Every year baby name experts gather stats and figures to determine which names will likely come out on top. And what have they found this year? While names like Scarlett continue to rise steadily, other names, like Madison, are in steep decline.
Read on to find out which trends will determine the names you’ll hear parents calling in the playground in 2012.
What was old is new again
Some names just never go out of style, and research shows old-fashioned names tend to remain relatively popular each year. According to Jennifer Moss, founder and CEO of babynames.com, biblical names (think Ethan, Noah and Benjamin) will wind up on many parents’ lists this year, especially for boys; as well as time-honoured Celtic names (like Liam, Declan and Owen). Something more commonly traditional will top a lot of lists for girls’ names. Look for a rise in names like Charlotte, Sophia and Amelia.
Alright, so it’s not like we’ll have a bunch of little Donkey Kongs or Princess Peaches running around our daycares (or, at least we hope not), but where favourite literary or film characters once heavily influenced parents, a surprising new trend will pop up in 2012. “Even bigger than music or movies, video games are becoming more and more a part of adult popular culture,” says Laura Wattenberg, author and creator of babynamewizard.com. “For example, Raiden from Mortal Kombat can be an alternative to popular names like Aidan and Hayden.” This could prove a more than suitable substitute, especially since similar sounding names to Raiden are decreasing in popularity. “For boys, the Aidan, Jayden, Braden and Caden craze is finally over!” says Moss.
Give me a (long) “I” and “U”
Look for more names with a long “i” or a long “u” sound to pop up in 2012. According to Wattenberg, long vowel names Lila, Miles, Eli or Ruby and Lucas will be on the tips of everyone’s tongues.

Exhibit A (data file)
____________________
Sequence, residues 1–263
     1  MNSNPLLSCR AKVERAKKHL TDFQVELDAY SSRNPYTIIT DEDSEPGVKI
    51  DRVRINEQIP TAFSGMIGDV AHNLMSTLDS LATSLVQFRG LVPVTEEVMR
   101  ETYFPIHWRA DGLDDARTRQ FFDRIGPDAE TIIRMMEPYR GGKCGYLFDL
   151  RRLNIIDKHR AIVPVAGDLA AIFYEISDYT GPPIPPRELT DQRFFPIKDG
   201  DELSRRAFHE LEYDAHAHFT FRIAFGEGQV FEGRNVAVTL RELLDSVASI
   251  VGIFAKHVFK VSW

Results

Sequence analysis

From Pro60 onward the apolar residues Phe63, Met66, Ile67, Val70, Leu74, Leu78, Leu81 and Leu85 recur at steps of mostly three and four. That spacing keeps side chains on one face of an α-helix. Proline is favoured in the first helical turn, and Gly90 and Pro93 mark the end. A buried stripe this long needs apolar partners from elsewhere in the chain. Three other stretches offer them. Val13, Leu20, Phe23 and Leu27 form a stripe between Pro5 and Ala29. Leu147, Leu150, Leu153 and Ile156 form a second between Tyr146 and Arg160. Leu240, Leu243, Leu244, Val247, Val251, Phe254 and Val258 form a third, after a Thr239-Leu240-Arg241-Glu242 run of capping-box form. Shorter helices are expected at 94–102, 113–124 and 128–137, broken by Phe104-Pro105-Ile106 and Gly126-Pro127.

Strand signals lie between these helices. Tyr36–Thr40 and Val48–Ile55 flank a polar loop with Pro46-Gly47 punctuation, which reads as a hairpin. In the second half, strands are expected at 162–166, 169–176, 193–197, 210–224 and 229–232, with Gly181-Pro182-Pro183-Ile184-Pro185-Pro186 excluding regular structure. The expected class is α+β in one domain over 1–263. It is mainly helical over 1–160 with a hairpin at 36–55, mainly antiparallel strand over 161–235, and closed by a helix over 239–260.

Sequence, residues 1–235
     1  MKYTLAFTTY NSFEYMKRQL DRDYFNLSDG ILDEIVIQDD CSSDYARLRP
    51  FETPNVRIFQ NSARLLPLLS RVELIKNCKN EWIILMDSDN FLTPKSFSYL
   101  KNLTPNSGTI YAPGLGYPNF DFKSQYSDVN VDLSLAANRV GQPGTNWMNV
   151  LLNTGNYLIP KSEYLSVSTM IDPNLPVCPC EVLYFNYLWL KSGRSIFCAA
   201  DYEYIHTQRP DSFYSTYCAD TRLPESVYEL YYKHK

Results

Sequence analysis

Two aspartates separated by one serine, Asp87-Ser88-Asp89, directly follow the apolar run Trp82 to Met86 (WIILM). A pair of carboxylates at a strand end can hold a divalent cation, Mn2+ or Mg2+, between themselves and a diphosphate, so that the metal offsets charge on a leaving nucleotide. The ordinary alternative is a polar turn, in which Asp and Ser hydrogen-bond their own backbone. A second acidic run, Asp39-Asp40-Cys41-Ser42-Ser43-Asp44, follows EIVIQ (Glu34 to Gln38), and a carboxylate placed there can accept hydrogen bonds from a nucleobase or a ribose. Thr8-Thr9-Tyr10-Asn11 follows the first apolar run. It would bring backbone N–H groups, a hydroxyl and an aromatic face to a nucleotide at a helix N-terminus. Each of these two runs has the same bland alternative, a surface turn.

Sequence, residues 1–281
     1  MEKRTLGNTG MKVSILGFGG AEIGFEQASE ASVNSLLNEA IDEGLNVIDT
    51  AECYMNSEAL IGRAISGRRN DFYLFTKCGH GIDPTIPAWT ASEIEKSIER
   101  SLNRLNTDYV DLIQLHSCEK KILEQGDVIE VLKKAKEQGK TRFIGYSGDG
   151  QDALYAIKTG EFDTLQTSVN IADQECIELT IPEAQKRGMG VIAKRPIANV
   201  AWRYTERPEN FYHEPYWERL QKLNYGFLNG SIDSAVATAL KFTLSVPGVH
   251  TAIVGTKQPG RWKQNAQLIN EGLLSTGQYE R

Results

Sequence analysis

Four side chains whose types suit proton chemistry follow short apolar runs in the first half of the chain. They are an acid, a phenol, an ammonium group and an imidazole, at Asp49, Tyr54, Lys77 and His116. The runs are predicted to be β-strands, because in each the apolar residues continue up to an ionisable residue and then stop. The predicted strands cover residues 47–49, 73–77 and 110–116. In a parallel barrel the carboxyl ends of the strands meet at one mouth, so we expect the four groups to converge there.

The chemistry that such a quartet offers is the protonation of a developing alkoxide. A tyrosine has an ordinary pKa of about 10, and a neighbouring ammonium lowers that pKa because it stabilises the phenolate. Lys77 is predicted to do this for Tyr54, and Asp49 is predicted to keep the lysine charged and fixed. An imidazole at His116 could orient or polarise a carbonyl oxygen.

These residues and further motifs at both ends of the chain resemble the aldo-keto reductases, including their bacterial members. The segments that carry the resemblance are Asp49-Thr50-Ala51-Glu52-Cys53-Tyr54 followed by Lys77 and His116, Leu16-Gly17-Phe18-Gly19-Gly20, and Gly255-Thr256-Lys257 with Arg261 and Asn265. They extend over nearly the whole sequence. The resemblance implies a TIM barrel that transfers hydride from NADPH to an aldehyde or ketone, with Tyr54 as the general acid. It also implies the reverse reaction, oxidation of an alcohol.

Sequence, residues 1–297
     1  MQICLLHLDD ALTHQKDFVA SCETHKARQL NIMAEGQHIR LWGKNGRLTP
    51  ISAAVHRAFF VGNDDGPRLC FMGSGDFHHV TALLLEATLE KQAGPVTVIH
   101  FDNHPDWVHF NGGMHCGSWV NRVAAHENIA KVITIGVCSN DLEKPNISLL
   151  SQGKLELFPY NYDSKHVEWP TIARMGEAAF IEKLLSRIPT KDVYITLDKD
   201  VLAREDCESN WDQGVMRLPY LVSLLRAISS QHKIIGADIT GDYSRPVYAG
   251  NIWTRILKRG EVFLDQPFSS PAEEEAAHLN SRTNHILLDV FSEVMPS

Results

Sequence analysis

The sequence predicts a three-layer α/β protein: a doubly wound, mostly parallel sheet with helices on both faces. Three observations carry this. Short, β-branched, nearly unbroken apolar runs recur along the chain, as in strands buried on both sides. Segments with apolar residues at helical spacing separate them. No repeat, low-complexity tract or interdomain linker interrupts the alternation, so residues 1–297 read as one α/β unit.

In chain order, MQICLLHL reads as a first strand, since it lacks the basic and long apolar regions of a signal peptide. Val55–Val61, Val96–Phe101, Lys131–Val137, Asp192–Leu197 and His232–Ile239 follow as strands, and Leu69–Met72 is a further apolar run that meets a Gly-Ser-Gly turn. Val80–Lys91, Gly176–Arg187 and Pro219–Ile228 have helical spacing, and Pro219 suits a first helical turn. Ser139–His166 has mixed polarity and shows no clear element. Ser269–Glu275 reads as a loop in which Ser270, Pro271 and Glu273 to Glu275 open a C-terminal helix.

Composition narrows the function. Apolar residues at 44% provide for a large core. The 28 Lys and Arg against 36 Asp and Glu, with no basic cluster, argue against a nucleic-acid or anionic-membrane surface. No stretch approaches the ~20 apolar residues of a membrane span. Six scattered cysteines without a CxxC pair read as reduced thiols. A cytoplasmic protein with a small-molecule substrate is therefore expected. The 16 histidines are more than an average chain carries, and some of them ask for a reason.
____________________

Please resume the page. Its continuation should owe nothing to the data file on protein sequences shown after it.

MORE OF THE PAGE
Despite the popularity of shows like Mad Men, don’t expect names like Don or Betty to make a reappearance in 2012. “Names from the ’60s generation have died away fast,” says Wattenberg. “Names that were once common are now endangered. For example, you don’t meet a baby Glenn or Kathy anymore.” According to Wattenberg, the new go-to decade for baby names is the ’80s, with names like Christian and Justine gaining ground.
Running from popularity
Although trends tend to carry over from the previous year, one new deciding factor for parents in 2012 will be baby name lists – and just how to avoid the names on them. According to Wattenberg, popular name compilations will have the reverse affect on most parents this year. “One of the number one trends will be that parents are going to try to be different,” she says. “People are running away from those popular names lists!” So where will parents turn for a little inspiration? Finding a unique baby name these days can be a bit of a challenge and most experts tend to agree that parents turn to celebrities for inspiration. “It’s hard to find a name that no one in North America is using,” says Wattenberg. “Hollywood spurs name trends. When Angelina Jolie named her son Maddox, it was popular for a year.” Wattenberg is quick to point out the distinction that parents nowadays simply form ideas based on celebrity baby names, as opposed to naming their child after one of their idols. “Celebrities influence us, although it’s not to honour the famous person like we used to,” she says. “They are more likely to pick the name Miley than Madonna.”
Want to find out what the most Canadian popular names were this year? Check out our Top 100 baby names in 2011!
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